Selling Properties

Are you looking to sell your property? Make sure you get the most for your property.

What do I need to know about selling my property? To start, MLS services and other listing services cost money. Advertising costs money. Signs cost money. Everything costs money! When you work with a real estate agent you know you’re going to get the most advertising. Remember, Real Estate agents only get paid if the property sells so they have a big incentive to make sure the property does sell. Real Estate agents typically pick up most of the costs associated with selling your property. They pay for MLS services and other online marketing along with signs, possibly newspaper advertising, and Real Estate agents work with other Real Estate agents who might have a client looking for what you’re selling. Although there are no laws that require an owner to use a Real Estate agent to sell a property, we find when you do use an agent you will reach a bigger audience and get therefore have a better chance to sell at the higher price.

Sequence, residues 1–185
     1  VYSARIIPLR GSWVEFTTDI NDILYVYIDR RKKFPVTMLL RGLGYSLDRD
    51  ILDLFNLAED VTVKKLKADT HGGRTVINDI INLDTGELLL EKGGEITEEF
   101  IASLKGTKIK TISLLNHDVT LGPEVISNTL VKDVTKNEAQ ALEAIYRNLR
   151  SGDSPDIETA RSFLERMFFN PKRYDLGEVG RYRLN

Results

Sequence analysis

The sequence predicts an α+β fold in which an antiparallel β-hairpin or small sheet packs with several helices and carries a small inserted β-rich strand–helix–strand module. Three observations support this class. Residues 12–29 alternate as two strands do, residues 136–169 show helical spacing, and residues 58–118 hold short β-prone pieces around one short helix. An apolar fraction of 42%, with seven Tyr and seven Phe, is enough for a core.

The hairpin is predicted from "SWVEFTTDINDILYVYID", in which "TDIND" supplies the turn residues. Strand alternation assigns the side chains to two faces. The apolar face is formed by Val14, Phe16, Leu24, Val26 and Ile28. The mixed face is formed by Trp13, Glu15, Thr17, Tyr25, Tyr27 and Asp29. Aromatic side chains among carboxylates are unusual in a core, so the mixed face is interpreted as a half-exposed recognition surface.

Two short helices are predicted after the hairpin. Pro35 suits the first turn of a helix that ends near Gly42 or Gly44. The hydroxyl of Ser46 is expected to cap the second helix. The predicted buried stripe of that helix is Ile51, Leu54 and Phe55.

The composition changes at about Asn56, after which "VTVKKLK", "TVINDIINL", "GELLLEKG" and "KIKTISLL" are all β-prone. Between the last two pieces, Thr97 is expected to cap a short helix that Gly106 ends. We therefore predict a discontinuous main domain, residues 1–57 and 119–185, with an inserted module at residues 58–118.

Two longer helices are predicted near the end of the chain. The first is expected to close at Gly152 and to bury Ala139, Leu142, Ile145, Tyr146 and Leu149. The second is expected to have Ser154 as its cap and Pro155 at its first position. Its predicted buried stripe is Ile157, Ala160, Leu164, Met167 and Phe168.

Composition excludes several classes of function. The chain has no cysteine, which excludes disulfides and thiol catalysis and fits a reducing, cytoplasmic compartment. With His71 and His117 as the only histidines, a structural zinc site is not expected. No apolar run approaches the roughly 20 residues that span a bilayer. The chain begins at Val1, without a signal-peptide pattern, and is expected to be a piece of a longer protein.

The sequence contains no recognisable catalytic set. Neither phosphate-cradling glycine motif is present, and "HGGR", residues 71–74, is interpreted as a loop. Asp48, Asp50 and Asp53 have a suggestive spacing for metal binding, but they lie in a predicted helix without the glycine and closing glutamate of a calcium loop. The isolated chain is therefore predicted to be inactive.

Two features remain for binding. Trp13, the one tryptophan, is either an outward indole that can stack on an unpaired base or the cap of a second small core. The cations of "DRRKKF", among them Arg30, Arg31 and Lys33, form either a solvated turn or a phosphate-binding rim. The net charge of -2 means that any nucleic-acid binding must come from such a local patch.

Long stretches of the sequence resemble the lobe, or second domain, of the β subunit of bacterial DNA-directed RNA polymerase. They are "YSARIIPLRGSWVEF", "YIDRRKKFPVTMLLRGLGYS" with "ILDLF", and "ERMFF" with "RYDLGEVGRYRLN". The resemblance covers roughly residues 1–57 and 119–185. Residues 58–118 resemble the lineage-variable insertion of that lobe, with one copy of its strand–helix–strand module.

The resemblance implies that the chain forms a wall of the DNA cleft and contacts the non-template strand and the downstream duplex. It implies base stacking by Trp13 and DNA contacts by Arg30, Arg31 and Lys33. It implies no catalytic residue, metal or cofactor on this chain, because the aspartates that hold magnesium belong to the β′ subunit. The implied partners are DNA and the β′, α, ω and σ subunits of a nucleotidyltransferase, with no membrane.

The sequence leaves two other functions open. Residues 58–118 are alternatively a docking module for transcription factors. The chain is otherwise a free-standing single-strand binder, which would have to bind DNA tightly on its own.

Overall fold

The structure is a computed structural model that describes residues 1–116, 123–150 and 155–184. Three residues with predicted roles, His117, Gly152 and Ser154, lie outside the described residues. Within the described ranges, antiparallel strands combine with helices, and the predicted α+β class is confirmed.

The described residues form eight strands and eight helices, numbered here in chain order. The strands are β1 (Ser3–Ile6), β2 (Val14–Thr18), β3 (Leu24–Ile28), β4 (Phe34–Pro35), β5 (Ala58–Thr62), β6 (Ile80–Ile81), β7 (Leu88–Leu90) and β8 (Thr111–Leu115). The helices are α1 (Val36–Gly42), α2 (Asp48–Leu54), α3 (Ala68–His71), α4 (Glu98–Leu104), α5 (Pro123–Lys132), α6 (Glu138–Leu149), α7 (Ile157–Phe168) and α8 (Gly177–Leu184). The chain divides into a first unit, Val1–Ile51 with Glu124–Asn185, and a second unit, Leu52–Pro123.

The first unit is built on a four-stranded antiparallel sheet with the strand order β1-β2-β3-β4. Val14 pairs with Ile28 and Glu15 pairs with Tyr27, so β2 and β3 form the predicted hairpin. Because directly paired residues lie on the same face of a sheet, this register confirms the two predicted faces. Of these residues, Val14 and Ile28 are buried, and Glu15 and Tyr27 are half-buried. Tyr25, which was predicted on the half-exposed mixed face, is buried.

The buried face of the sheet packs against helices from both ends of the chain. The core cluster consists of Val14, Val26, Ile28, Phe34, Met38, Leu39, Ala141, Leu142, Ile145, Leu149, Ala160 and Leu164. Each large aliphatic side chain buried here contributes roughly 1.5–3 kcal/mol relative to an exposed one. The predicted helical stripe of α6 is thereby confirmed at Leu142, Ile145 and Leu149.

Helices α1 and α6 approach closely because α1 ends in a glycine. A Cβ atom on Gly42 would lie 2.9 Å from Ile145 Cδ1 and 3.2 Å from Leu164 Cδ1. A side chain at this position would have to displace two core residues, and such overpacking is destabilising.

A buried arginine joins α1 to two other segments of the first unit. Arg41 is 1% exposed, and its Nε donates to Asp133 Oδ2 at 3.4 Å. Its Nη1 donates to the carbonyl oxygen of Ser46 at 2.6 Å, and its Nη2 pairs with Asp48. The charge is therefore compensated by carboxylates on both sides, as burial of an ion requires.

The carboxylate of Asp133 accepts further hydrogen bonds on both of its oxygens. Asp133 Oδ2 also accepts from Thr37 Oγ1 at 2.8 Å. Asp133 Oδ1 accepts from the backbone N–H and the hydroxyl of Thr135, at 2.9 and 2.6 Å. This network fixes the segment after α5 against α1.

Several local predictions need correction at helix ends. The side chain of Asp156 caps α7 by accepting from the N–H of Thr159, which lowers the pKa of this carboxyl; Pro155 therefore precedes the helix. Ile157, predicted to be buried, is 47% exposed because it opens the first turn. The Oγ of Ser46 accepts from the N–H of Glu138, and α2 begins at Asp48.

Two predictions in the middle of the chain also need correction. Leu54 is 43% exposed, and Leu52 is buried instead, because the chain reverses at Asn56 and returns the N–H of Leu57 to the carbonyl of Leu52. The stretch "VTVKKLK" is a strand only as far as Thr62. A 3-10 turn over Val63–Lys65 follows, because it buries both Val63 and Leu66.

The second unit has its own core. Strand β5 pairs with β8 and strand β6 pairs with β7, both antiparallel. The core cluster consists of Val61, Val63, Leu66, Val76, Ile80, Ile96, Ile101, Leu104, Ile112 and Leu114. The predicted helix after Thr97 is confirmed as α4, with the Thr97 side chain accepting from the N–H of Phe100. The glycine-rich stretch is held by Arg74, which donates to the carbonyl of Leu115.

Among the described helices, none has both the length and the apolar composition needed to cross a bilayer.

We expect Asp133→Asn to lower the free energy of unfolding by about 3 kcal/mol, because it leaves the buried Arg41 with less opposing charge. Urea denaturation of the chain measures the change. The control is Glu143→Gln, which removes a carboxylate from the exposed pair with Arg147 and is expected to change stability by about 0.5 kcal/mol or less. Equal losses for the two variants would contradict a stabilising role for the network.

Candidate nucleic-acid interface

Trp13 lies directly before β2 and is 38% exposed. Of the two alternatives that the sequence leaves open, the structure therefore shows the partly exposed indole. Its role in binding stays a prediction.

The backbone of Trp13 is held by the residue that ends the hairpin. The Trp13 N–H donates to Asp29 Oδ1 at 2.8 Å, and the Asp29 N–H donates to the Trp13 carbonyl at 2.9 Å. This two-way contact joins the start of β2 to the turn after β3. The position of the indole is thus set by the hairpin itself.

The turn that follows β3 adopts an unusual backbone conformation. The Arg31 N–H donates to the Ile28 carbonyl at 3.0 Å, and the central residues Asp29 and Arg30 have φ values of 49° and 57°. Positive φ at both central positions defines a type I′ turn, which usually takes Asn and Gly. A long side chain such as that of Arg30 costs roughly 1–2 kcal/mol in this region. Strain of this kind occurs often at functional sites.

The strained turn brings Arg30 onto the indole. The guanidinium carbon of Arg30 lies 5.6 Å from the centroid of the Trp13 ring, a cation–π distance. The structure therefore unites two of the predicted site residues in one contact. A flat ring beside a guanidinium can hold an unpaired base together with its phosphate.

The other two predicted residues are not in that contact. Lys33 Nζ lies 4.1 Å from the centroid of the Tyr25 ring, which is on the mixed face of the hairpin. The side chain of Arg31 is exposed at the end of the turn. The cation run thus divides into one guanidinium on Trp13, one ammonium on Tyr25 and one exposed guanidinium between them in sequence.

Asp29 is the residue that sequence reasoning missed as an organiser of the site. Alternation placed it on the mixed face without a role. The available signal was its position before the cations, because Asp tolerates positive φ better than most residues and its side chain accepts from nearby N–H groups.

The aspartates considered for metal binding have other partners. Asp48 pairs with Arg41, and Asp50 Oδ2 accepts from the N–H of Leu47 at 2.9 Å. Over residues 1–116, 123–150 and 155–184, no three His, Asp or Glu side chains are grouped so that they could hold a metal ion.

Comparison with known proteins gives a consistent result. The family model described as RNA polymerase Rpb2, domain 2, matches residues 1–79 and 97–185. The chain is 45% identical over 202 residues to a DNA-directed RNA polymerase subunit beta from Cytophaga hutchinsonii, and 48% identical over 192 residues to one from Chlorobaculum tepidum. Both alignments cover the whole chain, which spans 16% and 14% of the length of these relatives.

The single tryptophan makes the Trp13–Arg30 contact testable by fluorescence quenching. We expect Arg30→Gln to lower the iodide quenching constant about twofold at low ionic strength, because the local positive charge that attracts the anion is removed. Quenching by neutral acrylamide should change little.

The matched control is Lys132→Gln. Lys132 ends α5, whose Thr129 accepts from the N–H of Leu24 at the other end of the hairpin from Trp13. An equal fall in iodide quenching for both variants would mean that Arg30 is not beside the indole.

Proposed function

Do I need a Real Estate Agent to sell my property? In most states you do not need an agent to sell your property. But many online services require you to have a Real Estate license to post listings for sale on their sites so you might not be able to advertise using all the channels. That could lead to your property taking longer to sell or sell for a lower price since the majority of buyers will not see your property.

Do I need an Attorney involved when I sell my property? Depending on the state you might be required to have an Attorney draw up the paperwork to sell your property. If you work with a Professional Real Estate agent they will educate you what the procedure is in your state. In California, it is not required to have an Attorney when selling or buying a piece of property, but Real Estate agents are not allowed to give you any legal advice and are required to tell you to talk with an Attorney for any legal advice. In most cases, you should consult with some sort of legal advisor whenever entering into a binding contact.